Tillerson's Africa Tour: Rights Coalition Demand Action to Pre-empt War in Congo

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Rex Tillerson.

WASHINGTON, D.C.—African Great Lakes Advocacy Coalition, a comprising U.S.-based African human rights activists calls upon Secretary of State Rex Tillerson to make it categorically clear during his upcoming trip to Africa that the Trump administration will hold accountable and sanction any state and non-state parties responsible for the deteriorating security situation in the Democratic Republic of Congo (DRC) where imminent war is brewing, according to credible reports.

The last major conflict in Congo, which killed some six million people, was sparked by a joint invasion by Uganda and Rwanda; both countries are playing a similar negative role in the current insecurity.

African Great Lakes Advocacy Coalition welcomes the recent US arms embargo on South Sudan but demands that Secretary Tillerson also end U.S. support for the oppressive and dangerous regimes in the region including Kenya and Uganda, that continue to fuel the conflict.

Tillerson is expected to visit Chad, Ethiopia, Djibouti, Kenya and Nigeria during his March 6 - 13 trip, his first to Africa as Secretary of State. These countries are U.S. partners in what has been billed as a war against Islamist "extremists."

African Great Lakes Advocacy Coalition demands that the Trump Administration take a broader view in its relations with Africa by rejecting authoritarianism and corruption which are themselves the primary source of terror and instability.

It must honor its recent policy position on Africa as announced in the U.S. National Security Strategy document (December, 2017) which states: “If necessary, we are prepared to sanction [African] government officials and institutions that prey on their citizens and commit atrocities. When there is no alternative, we will suspend aid rather than see it exploited by corrupt elites.”

African Great Lakes Advocacy Coalition lauds the policy directive but laments its selective implementation. The Trump Administration has imposed sanctions on some government officials in Congo and South Sudan, but the leaders of these countries, along with those of Uganda, Rwanda and Kenya, all responsible for grave human rights abuses, have escaped sanction.

Such selective impunity only emboldens human rights abusers elsewhere, such as in Zambia and Tanzania, where opposition figures face threats to their lives, not to mention longstanding dictators in Equatorial Guinea, Cameroon and Togo.

African Great Lakes Advocacy Coalition will monitor Tillerson's statements while in Africa -- and subsequent U.S. actions-- to see if the Trump Administration is serious about the Africa strategy announced in December.

Maurice Carney and Kambale Musavuli, executive director and national spokesperson, respectively, of Friends of the Congo state: "The people of Africa's Great Lakes Region have been caught in a death trap financed and buttressed by U.S. taxpayers through US support for authoritarian strongmen Paul Kagame of Rwanda, Yoweri Museveni of Uganda and Joseph Kabila of DR Congo who prey on their populations. American citizens have the power to positively affect the lives of millions of Africans by pressuring their government to stop supporting these tyrants. Furthermore, the current U.S. administration should issue sanctions to Rwandan generals James Kabarebe, Charles Kayonga, and Jack Nziza who have been involved in the destabilization of the Congo, while general Alex Kagame should be investigated and sanctioned for his alleged role in the massacre of Congolese refugees in the Kiziba refugee camp in late February 2018."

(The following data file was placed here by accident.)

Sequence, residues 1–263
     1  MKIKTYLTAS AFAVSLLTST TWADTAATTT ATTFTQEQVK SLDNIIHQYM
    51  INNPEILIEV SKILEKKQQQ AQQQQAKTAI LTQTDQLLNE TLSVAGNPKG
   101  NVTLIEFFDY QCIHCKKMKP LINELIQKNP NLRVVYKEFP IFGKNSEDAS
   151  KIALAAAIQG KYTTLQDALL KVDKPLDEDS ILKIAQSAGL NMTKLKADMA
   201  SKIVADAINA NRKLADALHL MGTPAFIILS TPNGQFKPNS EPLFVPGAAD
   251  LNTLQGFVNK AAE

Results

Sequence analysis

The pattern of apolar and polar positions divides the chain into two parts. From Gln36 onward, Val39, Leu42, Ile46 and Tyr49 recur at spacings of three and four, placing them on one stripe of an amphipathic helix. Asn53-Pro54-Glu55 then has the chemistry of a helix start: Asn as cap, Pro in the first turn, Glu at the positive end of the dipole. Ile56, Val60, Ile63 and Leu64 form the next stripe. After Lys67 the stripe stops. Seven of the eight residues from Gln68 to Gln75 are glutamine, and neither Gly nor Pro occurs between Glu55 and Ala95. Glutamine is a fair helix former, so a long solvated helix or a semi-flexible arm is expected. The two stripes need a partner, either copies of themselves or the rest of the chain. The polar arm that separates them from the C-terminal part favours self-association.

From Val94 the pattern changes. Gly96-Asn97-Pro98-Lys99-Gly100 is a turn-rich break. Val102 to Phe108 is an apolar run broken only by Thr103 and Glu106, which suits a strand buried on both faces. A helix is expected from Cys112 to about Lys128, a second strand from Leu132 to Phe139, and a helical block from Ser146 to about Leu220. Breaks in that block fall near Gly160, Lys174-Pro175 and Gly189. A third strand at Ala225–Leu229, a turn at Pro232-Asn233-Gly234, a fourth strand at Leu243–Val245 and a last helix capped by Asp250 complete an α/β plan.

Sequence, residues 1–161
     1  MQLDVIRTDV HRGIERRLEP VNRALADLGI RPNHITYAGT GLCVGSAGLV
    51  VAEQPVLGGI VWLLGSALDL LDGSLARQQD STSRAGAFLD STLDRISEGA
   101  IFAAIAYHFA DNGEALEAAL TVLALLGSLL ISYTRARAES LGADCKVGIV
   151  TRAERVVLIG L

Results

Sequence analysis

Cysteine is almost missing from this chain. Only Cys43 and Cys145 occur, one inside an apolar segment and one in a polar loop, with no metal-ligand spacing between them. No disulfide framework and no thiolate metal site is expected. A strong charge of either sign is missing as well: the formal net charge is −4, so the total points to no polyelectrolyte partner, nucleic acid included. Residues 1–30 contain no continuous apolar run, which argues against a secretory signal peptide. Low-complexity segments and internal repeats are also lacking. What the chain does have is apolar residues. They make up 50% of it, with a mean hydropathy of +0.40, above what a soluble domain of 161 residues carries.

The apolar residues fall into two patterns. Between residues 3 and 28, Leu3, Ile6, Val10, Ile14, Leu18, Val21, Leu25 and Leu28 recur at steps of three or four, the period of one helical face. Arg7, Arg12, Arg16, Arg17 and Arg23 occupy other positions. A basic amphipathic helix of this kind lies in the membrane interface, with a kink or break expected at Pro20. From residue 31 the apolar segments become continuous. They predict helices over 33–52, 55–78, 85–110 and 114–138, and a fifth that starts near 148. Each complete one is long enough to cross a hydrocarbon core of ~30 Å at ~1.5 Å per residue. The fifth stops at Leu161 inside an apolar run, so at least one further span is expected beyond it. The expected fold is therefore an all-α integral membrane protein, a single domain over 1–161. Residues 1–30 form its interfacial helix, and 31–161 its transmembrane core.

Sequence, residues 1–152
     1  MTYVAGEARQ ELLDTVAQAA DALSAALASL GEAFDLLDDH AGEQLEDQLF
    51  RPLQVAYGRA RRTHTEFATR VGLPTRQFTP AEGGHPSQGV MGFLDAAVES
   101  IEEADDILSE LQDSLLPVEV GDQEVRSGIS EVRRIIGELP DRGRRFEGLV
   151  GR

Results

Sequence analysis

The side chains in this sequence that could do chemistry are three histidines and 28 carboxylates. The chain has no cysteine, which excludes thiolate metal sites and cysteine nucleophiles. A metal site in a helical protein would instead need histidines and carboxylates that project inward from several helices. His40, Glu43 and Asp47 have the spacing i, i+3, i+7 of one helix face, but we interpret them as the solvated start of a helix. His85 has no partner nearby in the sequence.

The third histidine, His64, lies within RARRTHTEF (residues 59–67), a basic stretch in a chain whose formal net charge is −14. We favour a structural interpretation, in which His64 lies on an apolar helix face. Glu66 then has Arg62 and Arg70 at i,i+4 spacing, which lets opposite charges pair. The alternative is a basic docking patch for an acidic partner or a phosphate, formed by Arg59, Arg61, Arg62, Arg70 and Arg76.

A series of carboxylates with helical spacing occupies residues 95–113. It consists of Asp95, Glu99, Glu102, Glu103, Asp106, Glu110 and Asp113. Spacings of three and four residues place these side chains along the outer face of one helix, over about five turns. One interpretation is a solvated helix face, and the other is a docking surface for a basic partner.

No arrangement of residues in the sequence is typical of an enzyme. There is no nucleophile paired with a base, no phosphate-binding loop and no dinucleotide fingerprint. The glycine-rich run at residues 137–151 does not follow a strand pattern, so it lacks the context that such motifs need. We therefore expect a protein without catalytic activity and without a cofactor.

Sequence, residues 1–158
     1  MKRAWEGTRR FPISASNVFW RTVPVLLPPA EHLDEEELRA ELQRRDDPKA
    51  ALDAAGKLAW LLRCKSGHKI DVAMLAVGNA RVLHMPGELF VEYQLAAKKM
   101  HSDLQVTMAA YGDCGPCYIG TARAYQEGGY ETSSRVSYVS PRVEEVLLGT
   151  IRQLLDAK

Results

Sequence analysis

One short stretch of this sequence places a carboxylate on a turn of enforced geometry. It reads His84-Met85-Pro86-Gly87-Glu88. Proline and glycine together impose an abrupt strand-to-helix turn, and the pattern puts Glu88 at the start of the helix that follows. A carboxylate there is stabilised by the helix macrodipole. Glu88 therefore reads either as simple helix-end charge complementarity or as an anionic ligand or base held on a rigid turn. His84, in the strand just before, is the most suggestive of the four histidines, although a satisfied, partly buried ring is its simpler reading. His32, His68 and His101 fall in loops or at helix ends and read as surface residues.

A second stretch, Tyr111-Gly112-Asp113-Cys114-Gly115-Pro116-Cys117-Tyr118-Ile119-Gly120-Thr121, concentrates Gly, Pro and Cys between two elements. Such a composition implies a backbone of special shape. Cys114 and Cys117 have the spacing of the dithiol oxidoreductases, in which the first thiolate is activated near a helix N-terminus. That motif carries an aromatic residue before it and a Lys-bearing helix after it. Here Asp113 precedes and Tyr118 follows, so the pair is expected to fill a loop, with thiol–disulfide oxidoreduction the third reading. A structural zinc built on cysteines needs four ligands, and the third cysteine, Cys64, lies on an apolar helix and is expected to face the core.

Milton Allimadi, Ugandan-born publisher of The Black Star News and coalition member states: "In September 2017, Gen. Yoweri Museveni’s shock troops invaded Parliament during a debate on a controversial constitutional amendment that would allow him to rule indefinitely and violently arrested about 30 MPs. During the fracas, Betty Nambooze, an immensely popular Parliamentarian was hustled down to the basement where operatives manipulated her spine, rendering her crippled. Regionally, Uganda continues its destructive role in South Sudan by siding with President Salva Kiir's forces and pursuing a military solution against ousted Vice President Riek Machar's supporters. This has led to mass killings of civilians and undermined regional efforts to peacefully resolve the conflict. Museveni has also once again clandestinely invaded Congo to divert attention from his domestic problems. He and his regime are prime candidates for U.S. sanctions. Yet Uganda's military continues to be trained by the U.S. and the Museveni regime gets more than $1 billion in U.S. taxpayers' money each year. This must stop."

Claude Gatebuke, Rwandan genocide and civil war survivor, executive director of the African Great Lakes Action Network (AGLAN) states: “Paul Kagame and his government's role in destabilizing the Democratic Republic of Congo cannot be understated and must be addressed. Besides that, currently the Rwandan government is involved in a $5,000 per refugee deal to receive refugees and migrants expelled from Israel, while at the same time Rwandan soldiers and policemen were involved in a massacre against crowds of Congolese refugees in Western Rwanda. The country is so unaccountable for these atrocities that  it has decided not to renew its agreement with Human rights watch; an organization that has highlighted many of Rwanda's human rights abuses. The US must use its leverage as a top donor to address these issues or withhold aid in line with the administration's policy.”

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